A number of years ago I found myself at the first meeting of the new year with my mastermind group. Given the nature of the group and the time of year, it seemed logical to set goals. Logical maybe, but it wasn’t happening for me.
I searched my thoughts and found myself without any compelling goals. I could have devised some, but they would have been made up, based on shoulds and oughtas and might-as-wells rather than on vision, service, or–dare I say?–fun. So I decided to invoke the power of the mastermind to protect me from mindless goal setting and keep me in the slipstream of reality.
The result was what one of my buddies christened OSMolly:
- Show up.
- Be present.
- Take the immediate next step.
- Let go.
I’ve been running OSMolly on and off for many years, and when I have it’s made life simpler and happier. OSMolly is kind. It is an organic way of living in reality free of the pressure of serial self improvement. Under OSMolly the way things are, including the way you are, is just fine; there’s no need to be more evolved or enlightened than you are right now.
What does OSMolly look like in business? It might look like referring clients that aren’t a perfect fit to another coach. It could mean circulating a job description for a new staff member even though you don’t know for certain that hiring a new person will work out. It might look like telling the truth when you don’t know what your next step will be. It most certainly enjoying your self even when you make mistakes. (I’ve said that mistakes are the compost of future success. Well, my compost pile is quite imposing.)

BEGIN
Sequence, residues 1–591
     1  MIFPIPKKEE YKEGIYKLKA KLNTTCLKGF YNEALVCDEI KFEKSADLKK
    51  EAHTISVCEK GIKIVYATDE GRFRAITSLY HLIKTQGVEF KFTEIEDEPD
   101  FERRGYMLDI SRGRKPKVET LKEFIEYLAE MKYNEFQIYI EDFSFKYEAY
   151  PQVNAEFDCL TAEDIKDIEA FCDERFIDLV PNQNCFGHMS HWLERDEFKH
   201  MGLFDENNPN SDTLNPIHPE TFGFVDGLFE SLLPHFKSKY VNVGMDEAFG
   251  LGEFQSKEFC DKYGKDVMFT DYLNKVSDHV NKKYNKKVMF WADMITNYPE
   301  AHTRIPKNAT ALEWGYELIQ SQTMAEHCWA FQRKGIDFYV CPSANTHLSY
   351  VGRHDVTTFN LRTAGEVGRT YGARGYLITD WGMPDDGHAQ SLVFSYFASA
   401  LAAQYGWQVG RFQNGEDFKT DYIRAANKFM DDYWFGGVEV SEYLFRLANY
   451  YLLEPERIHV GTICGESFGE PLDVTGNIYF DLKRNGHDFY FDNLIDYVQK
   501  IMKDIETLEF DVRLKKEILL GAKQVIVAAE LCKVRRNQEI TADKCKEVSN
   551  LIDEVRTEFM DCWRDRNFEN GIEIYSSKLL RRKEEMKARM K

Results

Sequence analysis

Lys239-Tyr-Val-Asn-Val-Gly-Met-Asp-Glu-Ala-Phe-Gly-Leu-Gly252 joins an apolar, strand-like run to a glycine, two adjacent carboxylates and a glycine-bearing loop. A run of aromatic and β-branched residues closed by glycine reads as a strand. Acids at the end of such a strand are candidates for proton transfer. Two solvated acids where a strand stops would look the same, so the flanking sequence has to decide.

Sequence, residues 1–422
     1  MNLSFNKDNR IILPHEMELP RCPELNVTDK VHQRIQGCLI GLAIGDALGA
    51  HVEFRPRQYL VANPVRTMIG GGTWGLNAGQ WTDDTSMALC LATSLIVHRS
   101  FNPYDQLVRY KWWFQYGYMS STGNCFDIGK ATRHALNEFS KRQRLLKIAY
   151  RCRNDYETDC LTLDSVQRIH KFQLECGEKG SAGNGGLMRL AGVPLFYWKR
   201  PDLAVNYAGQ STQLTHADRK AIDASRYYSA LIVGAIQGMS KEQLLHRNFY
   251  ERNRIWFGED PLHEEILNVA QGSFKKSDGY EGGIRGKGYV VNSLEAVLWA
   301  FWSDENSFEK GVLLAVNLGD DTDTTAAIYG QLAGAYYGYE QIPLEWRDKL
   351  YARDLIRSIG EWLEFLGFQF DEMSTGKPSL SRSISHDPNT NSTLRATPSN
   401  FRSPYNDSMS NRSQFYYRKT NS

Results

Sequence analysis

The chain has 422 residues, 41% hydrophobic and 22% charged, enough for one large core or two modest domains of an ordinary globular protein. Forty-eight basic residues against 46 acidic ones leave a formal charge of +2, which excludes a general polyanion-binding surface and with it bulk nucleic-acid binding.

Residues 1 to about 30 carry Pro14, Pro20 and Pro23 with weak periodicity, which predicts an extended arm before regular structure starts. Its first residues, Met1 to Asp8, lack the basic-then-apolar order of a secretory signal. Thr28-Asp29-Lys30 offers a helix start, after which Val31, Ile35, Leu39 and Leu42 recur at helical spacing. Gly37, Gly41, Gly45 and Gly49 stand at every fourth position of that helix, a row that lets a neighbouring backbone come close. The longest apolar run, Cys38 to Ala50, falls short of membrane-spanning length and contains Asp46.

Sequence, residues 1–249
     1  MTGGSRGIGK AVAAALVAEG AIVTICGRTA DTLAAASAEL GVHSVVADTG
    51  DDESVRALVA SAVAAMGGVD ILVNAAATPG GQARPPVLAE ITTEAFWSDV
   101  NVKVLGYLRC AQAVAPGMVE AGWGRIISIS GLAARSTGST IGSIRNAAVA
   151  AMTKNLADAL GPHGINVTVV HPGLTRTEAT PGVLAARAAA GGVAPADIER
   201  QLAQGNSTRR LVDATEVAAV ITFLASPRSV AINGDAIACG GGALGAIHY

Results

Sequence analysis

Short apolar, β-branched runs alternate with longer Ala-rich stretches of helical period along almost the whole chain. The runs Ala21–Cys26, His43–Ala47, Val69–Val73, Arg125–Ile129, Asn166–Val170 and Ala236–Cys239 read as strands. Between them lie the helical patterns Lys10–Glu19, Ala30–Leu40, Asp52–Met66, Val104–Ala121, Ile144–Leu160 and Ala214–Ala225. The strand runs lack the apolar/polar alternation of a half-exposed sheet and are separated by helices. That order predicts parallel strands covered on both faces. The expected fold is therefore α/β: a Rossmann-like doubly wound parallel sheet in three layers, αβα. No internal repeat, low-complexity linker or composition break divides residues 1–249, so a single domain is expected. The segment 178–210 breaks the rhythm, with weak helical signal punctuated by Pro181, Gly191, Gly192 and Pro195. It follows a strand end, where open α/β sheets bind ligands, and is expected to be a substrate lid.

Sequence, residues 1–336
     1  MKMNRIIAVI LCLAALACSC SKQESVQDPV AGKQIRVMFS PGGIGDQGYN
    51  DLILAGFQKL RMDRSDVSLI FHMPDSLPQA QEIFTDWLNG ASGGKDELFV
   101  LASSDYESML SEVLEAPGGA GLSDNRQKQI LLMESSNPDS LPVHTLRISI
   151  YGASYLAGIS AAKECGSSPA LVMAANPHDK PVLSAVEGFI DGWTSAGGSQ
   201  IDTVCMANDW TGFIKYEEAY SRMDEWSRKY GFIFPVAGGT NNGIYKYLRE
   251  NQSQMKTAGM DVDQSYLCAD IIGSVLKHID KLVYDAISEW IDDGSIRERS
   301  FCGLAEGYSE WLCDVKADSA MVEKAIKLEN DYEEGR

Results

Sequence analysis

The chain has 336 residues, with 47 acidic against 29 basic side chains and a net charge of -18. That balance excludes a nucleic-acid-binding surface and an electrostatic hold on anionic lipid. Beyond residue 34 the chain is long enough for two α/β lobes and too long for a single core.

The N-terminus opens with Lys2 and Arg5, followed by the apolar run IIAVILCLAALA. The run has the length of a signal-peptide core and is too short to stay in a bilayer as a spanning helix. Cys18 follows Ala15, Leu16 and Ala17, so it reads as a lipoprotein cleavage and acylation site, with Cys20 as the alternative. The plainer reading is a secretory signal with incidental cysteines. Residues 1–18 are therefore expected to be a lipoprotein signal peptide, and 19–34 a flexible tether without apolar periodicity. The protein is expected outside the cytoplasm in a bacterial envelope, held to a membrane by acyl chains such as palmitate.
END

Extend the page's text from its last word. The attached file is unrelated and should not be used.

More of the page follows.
OSMolly also means acting on insight and and letting go of the results. It can mean not beating your head against the wall trying to force inspiration but instead taking the afternoon to draw cartoons. It certainly means looking in the direction of your innate wellbeing and trusting that wisdom comes when you allow space for it.
OSMolly is not really mine. It has roots in the great wisdom traditions, and it’s stood the test of time. I’m inclined to think it’s our native operating system, the one we were all endowed with at birth.
As we move into a new year, I invite you to try it on. Make it your own. And let me know what shows up.
Photo Credit: Photo by Fluffy Avenger via Flickr